Originally published on Advisor Perspectives on February 27, 2017
Like all speakers, I dread the part where I ask if there are any questions and am confronted by an awkward silence.
I recently spoke to a large group of investors at a retirement conference. It was an all-day event, with many breakout sessions, covering all aspects of investing for retirement. I was the second of two keynote speakers during the lunch period.
Most keynotes speeches are 30 minutes or more, leaving time for only a few questions. That is the wrong approach, especially if your goals are to engage the audience, have them remember what you said and get invited to speak again.
I’ve previously written about the benefit of brevity. It’s easier to be brief in written communications and videos than when giving a presentation. For me, it’s even more challenging since I have to persuade the firm sponsoring me of the value when I limit my talk to only 10 minutes. I make it clear that I will answer questions for as long as there is interest.
At this event, the sponsor scheduled me for a breakout session later in the afternoon when I could respond to additional questions after the one-hour cut-off for my keynote speech.
The title of my presentation was “Beware of These Financial Frenemies.” I illustrated it with six slides. They featured an image and very little text. Here’s one of them:
At the beginning of my talk, I told the participants it would only last 10 minutes. There was an audible gasp, followed by spontaneous, enthusiastic applause. I was off to a great start. I selected a volunteer in the audience and asked him to let me know when my 10 minutes were up.
I used a lavaliere microphone, which freed me from the podium to stand directly in front of the audience.
I had worked hard to distil my message into six actionable points. These points were featured on the slides, so I had no need for notes. I was able to maintain eye contact with the audience and address them in a conversational, non-scripted way.
After I ran through the slides, I concluded the formal part of my talk. The volunteer later told me I had only used seven minutes of my allotted time.
Like all speakers, I dread the part where I ask if there are any questions and am confronted by an awkward silence. I hedged my bets by planting a few questions in advance.
In this case, my contingent plans were unnecessary. A torrent of questions followed. Here’s what I found of particular interest: the vast majority of questions covered issues I didn’t anticipate.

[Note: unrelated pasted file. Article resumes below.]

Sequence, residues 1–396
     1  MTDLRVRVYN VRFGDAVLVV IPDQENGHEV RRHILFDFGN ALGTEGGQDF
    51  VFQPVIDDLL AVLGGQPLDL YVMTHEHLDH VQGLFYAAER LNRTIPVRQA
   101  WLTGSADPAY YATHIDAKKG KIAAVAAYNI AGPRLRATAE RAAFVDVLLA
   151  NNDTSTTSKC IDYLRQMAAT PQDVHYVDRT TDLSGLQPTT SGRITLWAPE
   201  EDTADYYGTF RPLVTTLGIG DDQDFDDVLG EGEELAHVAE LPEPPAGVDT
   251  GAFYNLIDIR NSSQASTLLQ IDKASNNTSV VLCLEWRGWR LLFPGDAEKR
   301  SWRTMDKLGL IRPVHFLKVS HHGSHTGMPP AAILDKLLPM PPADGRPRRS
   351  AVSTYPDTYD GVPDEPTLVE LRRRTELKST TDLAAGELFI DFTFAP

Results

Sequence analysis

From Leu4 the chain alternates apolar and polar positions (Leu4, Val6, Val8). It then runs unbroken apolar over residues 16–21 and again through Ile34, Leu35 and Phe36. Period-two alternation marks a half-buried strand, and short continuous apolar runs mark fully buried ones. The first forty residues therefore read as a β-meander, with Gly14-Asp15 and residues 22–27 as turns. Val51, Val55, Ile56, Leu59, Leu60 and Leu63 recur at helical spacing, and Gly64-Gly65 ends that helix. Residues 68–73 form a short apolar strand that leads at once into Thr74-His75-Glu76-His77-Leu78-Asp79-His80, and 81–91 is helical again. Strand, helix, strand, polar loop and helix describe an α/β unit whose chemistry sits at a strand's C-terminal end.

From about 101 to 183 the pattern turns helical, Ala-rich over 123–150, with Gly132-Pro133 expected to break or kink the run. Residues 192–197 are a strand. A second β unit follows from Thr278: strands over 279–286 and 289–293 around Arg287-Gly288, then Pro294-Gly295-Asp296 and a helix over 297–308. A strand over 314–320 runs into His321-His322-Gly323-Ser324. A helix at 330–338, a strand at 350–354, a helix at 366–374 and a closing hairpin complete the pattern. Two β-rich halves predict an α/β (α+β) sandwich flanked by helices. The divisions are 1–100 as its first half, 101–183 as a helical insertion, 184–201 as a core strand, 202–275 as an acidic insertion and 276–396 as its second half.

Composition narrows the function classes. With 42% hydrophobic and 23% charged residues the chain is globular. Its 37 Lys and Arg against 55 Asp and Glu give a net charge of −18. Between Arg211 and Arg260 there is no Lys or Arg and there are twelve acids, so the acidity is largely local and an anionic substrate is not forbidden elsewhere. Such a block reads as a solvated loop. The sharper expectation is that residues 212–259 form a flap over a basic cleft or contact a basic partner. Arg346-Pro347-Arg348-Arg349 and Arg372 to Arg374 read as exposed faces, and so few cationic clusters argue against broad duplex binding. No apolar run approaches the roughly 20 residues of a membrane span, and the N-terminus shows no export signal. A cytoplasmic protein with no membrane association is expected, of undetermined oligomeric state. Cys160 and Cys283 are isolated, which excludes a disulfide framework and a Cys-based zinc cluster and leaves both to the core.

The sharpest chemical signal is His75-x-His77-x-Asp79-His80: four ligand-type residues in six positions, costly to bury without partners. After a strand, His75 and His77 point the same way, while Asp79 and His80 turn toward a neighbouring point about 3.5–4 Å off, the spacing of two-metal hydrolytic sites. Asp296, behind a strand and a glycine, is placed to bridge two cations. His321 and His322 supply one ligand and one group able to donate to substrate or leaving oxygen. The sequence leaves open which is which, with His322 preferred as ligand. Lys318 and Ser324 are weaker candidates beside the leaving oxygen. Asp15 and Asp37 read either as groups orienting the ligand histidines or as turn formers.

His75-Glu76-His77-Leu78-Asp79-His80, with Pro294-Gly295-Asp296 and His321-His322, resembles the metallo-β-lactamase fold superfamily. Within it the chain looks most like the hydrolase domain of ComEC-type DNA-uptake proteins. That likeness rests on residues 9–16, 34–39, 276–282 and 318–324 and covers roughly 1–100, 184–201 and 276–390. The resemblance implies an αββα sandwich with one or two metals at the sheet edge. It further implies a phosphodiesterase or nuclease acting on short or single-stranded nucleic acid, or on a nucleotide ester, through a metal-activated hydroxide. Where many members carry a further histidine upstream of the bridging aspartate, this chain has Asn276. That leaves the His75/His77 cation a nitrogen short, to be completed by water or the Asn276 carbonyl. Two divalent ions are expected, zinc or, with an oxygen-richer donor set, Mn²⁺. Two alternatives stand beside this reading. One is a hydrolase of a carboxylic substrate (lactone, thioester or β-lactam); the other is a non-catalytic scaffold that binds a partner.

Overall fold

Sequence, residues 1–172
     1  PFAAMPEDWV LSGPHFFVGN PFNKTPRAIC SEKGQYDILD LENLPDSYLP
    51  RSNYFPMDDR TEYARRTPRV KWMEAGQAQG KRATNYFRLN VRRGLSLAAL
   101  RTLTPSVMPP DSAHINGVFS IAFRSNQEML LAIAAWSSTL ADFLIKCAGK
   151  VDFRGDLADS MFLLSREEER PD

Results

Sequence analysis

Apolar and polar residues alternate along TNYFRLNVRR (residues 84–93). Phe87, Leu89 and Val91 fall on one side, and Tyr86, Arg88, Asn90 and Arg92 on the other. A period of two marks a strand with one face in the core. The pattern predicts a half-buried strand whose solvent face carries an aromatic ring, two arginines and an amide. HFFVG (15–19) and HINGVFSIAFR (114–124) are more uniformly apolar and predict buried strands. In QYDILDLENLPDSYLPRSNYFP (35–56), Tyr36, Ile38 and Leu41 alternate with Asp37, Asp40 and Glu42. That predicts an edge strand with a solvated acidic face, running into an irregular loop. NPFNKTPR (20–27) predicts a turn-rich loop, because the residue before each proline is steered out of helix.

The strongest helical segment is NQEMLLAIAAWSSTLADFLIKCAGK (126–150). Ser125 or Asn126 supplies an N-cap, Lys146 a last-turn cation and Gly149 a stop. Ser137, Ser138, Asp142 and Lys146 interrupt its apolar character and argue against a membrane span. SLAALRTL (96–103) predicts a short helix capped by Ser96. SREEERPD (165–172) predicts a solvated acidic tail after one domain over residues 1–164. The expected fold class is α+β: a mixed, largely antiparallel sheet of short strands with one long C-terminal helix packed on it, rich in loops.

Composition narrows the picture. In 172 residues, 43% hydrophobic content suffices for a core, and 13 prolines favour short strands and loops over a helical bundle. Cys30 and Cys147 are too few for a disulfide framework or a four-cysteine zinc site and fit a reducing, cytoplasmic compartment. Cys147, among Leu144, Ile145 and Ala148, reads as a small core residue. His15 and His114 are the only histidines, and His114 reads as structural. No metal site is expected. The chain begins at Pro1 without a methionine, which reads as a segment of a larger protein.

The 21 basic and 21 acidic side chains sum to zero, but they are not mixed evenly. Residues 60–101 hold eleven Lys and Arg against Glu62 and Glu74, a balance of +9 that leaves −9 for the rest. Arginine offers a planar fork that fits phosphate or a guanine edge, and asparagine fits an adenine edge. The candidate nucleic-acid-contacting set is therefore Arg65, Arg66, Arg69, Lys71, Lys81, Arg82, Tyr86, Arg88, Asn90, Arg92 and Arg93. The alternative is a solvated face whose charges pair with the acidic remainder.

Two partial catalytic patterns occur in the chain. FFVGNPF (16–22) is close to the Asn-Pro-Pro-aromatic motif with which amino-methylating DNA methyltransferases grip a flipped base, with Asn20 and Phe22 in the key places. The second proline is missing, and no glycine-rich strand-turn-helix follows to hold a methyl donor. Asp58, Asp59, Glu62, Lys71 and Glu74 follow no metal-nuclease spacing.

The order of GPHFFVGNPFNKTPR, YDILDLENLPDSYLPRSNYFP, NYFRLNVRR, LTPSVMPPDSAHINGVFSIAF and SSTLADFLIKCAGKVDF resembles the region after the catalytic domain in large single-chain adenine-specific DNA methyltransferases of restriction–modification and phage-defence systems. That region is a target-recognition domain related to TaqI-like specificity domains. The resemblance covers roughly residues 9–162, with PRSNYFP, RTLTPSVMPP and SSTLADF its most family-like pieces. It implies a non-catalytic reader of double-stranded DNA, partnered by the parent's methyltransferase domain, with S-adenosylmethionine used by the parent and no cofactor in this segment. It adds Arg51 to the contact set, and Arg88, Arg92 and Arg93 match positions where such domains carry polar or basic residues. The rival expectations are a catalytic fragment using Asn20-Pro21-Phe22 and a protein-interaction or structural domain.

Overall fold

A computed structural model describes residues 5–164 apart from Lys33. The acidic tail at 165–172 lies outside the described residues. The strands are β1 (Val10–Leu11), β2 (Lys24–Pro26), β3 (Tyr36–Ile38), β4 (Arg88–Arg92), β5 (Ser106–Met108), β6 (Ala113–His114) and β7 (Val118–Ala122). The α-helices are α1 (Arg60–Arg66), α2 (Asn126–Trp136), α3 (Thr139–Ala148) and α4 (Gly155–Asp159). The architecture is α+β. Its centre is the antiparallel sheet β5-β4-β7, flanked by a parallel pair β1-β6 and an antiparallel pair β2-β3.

This is the primary benefit of the 10-minute talk. Think about the assumptions inherent in the typical 45-minute to one-hour presentation. You believe you know what’s on the mind of your audience. Why are you so confident you do?
When you give a 10-minute talk, you know the balance of your time is devoted to responding to questions that are subjects your audience actually wants you to address. You may find – as I did – that your assumptions about their concerns were misplaced.
There’s another benefit to limiting your presentation to 10 minutes. Studies show that “91 percent of business professionals admitted to daydreaming during the meetings they attend and 39 percent confessed to falling asleep…” When members of the audience are talking – rather than passively listening – they are fully engaged. As a speaker, you can increase energy in the room as the questions flow.
When I used to give longer presentations, I noted high engagement at the beginning of my talk, which tapered after 10 minutes or so and continued to decline.
Because I fielded so many questions during my presentation, I thought few, if any, participants would show up for the breakout session. I was pleasantly surprised to find the room full. I answered questions for the full hour and stayed for an additional 45 minutes to speak to audience members individually.
The last question was from someone who waited until everyone had left. She told me she was too embarrassed to ask her question in front of others. Here’s her question: “Some of the speakers used the term ‘equities’ in their presentation. I have no idea what that means. Can you explain it to me?”
Her question illustrates the disconnect between speakers and members of the audience. It’s the best argument for keeping your formal presentation brief and allowing the audience to dominate the discussion.